Suspicious circumstance number two: After Bishop Zeng was taken home, he bled from his nose and mouth for a day and a night.
After Bishop Zeng returned home from the hospital, his mouth and nose bled continually, the fact that many members of his parish knew about at the time. On April 2 at approximately 10:30 p.m., Bishop Zeng passed away.
According to an inside source, on the afternoon of April 1, a doctor from the hospital where Bishop Zeng was staying at, brought a so-called expert physician to the intensive care unit. The expert administered a shot to Bishop Zeng, after which Bishop Zeng’s health condition underwent an abrupt change, and he seemed to become a completely different person. A young friar who witnessed the change was shocked, “He was doing just fine until you gave him that shot, and now he looks like he’s done for.” He was threatened in response, “Watch what you say; don’t go around saying that nonsense!” According to another inside source, the drug in the shot was mixed by experts from Shanghai and Beijing. “The doctor was acting on orders from a superior,” the source said, adding that the reason Bishop Zeng’s condition suddenly took a turn for the worse was most likely due to the administered drug.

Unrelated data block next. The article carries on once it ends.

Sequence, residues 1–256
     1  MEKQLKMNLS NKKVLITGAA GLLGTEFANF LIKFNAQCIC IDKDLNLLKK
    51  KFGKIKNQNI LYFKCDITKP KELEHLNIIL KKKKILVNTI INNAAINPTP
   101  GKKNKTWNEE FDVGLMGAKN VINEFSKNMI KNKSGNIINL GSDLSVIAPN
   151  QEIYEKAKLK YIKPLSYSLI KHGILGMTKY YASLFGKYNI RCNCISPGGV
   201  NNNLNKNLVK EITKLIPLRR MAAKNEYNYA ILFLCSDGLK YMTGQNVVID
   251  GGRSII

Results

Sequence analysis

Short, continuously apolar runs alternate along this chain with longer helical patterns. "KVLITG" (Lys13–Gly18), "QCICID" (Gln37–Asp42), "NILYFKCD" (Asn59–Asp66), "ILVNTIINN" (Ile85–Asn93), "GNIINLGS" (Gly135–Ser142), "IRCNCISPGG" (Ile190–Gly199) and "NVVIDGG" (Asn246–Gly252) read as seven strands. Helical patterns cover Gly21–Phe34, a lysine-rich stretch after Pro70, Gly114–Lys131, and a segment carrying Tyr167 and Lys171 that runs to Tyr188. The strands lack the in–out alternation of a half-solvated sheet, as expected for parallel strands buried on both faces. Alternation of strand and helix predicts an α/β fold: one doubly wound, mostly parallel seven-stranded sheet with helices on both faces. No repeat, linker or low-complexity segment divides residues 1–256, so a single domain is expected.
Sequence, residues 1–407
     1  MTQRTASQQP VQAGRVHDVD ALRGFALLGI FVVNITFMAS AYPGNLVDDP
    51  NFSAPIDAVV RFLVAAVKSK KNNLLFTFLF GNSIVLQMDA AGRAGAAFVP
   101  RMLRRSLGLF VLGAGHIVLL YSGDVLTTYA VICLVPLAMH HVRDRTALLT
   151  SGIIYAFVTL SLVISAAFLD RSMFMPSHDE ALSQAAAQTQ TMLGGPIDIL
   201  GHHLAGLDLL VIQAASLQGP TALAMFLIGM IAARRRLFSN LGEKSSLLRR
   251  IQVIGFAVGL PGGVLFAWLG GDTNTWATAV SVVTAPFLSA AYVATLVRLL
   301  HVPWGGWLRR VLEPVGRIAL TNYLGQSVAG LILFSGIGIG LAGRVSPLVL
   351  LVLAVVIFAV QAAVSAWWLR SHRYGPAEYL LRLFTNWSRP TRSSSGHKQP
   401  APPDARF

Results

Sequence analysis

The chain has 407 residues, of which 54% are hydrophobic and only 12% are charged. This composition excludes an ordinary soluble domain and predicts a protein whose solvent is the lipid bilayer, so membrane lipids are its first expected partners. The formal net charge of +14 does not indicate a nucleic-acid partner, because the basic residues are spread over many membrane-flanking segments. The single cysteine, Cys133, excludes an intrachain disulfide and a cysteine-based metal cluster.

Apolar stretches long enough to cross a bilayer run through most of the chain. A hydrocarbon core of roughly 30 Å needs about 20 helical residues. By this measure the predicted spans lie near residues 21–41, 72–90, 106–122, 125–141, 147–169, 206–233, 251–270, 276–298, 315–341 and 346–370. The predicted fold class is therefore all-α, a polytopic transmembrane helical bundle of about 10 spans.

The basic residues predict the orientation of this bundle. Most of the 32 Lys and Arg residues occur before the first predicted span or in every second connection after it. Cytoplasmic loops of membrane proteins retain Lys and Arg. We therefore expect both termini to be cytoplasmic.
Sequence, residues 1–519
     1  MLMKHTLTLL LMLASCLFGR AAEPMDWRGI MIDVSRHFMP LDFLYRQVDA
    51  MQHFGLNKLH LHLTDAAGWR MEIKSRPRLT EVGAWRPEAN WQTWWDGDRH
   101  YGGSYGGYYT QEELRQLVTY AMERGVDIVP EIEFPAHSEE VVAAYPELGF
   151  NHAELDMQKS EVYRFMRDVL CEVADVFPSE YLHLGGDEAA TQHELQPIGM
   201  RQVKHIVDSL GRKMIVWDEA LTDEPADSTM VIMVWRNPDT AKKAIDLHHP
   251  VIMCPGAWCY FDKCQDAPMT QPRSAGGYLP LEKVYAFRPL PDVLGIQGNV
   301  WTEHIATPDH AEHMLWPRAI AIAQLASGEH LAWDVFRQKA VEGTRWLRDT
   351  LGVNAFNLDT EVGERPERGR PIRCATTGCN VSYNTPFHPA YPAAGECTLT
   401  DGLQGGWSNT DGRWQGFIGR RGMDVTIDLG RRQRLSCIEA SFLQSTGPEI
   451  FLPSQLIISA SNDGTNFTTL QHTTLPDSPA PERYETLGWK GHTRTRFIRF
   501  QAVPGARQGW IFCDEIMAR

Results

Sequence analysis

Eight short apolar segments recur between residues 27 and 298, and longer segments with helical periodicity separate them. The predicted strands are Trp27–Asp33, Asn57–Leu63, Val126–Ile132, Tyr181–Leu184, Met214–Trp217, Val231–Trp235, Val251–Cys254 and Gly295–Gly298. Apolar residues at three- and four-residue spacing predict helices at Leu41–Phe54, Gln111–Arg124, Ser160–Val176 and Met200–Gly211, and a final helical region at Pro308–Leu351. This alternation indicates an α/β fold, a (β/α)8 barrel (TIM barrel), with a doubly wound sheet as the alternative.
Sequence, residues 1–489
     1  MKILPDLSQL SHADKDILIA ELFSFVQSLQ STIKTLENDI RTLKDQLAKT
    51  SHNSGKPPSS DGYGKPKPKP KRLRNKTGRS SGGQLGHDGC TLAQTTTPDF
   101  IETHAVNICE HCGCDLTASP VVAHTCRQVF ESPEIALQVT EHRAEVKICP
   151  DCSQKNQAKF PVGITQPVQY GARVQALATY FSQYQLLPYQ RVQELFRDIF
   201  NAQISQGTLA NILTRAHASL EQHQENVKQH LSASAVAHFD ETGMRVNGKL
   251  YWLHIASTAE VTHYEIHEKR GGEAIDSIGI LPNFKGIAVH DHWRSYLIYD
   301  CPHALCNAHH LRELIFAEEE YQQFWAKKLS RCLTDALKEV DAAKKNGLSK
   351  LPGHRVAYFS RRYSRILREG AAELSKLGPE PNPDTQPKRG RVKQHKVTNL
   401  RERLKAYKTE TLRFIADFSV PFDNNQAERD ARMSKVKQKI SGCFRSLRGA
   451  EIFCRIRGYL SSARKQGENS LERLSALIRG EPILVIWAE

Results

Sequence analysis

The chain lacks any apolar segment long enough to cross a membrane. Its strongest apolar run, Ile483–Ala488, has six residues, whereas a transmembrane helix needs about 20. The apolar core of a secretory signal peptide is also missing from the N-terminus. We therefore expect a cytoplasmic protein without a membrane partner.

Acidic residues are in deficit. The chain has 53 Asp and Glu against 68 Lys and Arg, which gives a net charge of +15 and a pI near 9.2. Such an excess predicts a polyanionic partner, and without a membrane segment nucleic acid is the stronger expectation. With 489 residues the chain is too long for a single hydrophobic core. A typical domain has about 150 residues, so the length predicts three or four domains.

Suspicious circumstance number three: The CCP prevented clergy and members of Bishop Zeng’s parish from attending his funeral, blocking them in various ways, even employing threats.
After Bishop Zeng passed away, the members of his parish were preparing to attend his funeral. However, some were intercepted by government employees on the way to the funeral; in other cases, whole villages of Christians were threatened not to attend by the village secretary via phone. During the few days before and after Bishop Zeng’s burial, the public security bureau and local police station had large forces of riot police block all of the intersections leading into Hangbu Town, allowing cars from Hangbu Town to come and go, but prohibiting all other vehicles from entering the village. Some clergy members from other parishes were warned by authorities as well that they would not be allowed to go to Jiangxi to attend Bishop Zeng’s funeral.